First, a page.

Again, Kroeger enthused: “What makes us special, why it is so perfect for us is that there is no other company in the world where, literally we walk into the office in the morning and there are thousands of hours of video captured the day before of drivers. We take that information and it goes through a truthing process, where we have people looking at the video very very closely. They identify where people had a fatigue event and they can annotate that video to highlight key parts of the video. They can look at 1 minute before, 10 minutes before, 1 hour before and deep learning starts to look for tell-tale signs that are common across all users to develop a more predictive algorithm.”

The writer holds stock in Seeing Machines

Seeing Machines gunning for automotive market with spin-off

Seeing Machines (AIM:SEE), the Australian software company specialising in eye-tracking technology using innovative algorithms, looks set for a significant uplift in its share price with confirmation that it is launching a spin-off in the US dedicated to serving the automotive sector by the end of June.

The stated intention is that the company will follow the Mobileye trajectory and eventually IPO in the US, a prospect which is likely to have both institutions and shrewd investors clamouring for shares over the next few months.

Despite recently announcing a maiden interim profit, its share price had been held back by concerns that it would need to raise more funds in order to serve demand for its world-leading technology.

However, in an exclusive interview with Ken Kroeger, CEO of Seeing Machines, he revealed that the company is set to raise between US$50m to US$100m setting up a spin-off that will focus exclusively on the auto industry and develop a new hardware module.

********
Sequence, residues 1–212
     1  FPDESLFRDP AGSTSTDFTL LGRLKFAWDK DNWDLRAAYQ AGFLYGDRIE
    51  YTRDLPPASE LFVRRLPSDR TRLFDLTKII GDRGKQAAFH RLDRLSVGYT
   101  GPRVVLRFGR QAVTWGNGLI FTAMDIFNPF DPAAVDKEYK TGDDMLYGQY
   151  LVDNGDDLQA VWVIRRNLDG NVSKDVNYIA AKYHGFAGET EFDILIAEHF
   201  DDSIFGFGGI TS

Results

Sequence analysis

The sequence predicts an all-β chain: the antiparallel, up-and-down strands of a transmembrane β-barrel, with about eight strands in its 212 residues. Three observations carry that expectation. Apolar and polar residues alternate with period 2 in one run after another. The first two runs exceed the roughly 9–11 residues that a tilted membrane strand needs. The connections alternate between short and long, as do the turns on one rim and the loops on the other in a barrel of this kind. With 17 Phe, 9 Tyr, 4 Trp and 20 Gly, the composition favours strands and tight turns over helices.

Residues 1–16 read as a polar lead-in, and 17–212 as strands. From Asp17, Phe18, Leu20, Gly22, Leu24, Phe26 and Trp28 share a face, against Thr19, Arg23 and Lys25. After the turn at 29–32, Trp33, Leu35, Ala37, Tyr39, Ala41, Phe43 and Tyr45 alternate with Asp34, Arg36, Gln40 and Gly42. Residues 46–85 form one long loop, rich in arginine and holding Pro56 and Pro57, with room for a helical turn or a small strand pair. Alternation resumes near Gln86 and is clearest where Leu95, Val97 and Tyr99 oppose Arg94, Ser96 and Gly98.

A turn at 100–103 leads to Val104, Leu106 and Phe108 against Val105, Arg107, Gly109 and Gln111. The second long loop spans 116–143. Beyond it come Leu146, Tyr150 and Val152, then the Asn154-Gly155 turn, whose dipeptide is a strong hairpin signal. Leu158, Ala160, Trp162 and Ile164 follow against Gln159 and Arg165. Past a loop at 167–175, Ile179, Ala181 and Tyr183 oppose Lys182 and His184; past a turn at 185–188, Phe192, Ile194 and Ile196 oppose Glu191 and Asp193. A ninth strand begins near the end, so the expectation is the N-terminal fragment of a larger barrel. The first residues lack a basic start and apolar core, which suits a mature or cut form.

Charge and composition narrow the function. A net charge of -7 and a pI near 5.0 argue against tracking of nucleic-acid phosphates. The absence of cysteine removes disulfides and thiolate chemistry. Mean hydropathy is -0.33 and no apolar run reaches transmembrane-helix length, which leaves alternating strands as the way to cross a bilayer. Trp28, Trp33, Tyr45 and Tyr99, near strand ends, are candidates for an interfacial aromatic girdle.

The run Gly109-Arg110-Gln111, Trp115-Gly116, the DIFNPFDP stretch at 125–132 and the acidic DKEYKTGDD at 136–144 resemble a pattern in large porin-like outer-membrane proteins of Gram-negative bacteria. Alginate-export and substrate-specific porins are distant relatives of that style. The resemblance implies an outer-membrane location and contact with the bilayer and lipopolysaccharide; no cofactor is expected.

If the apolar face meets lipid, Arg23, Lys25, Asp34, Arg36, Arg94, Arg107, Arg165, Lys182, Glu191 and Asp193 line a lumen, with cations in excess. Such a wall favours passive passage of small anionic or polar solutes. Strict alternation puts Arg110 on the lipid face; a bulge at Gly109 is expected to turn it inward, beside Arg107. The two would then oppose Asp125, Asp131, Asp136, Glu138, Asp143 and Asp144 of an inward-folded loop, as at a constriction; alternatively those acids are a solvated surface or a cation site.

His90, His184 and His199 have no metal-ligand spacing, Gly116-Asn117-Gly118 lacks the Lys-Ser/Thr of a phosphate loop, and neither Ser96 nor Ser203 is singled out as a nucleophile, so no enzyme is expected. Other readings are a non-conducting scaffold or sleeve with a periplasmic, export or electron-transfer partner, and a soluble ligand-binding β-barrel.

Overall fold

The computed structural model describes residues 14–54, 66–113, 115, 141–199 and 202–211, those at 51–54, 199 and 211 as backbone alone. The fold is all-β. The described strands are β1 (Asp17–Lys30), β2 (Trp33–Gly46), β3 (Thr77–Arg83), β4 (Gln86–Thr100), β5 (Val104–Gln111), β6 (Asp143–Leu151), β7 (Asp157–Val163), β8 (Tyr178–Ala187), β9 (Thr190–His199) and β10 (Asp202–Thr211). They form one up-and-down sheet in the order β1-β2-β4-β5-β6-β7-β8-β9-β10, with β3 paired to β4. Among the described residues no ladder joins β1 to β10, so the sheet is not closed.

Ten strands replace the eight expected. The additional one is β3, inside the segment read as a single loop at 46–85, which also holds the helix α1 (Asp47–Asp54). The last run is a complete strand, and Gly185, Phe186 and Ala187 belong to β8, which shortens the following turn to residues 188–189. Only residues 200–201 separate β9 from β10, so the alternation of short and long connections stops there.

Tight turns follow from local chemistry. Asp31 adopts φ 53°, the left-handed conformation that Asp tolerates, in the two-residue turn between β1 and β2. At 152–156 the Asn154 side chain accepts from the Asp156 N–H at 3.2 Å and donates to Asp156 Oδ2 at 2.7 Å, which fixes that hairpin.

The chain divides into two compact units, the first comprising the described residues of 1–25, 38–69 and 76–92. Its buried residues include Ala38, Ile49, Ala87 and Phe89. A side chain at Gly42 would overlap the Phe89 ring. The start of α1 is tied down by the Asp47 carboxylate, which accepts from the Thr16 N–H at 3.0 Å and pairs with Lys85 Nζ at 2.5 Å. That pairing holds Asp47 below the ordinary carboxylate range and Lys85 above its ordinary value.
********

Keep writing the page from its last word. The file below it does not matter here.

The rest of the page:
This should produce 3 main benefits:

  1. It will take development costs out of the overall business.
  2. Enable Seeing Machines to move up the value chain by developing hardware (which will be manufactured by a third party). So, instead of getting $10 a car profit, it will be able to get between $25 to $35.
  3. Enable it to work with more Tier 1 suppliers and OEMs.

As part of this Seeing Machines has signed a memorandum of understanding with Takata, that officially ends its exclusivity deal with Takata.

The new company will be called ‘Fovio’ and is expected to be launched by the end of June this year.

Ken Kroeger, CEO of Seeing Machines explained: “It will be a separate, US-based company. It will have about 40 people and take about 35% of the cost out of the parent company. The US company will own 100% of the Australian subsidiary that would house around 40 employees. Seeing Machines, and the current shareholders  will not have to reach into their pockets and write a substantial cheque but will own a substantial portion of that business.”

When pressed as to what “substantial portion” meant, he explained that is how he had to refer to it.

He added: “That business would be completely set up to start its march towards an IPO on the US board, mirroring Mobileye’s journey. It would have a separate board, separate management and we are in the process of recruiting a CEO in the US.”

As to the backers, he revealed: “The investors are at the big end of town (sic), we already have term sheets and they range from automotive OEMs, through the silicon companies into some of the other strategic industrial partners that we want.”

The new module is expected to come to market in late 2018, early 2019.

Until then, Seeing Machines will be continue working with Takata on delivering its software, as Kroeger explained: “The good thing is that we continue working with Takata. It is a new agreement not a divorce, so in the interim we will keep on delivering with Takata.”

Seeing Machines and Takata will be working on another 15 models for the same OEM that it has been working with to deliver a model that will be go into production late this year to be on sale next year. In addition, it is working on another 3-4 requests for quotations expected to happen this year.

That OEM is rumoured to be General Motors and the model that will first use Seeing Machines driver monitoring software, as part of it Supercruise feature, is said to be the Cadillac CT6.

The writer owns shares in Seeing Machines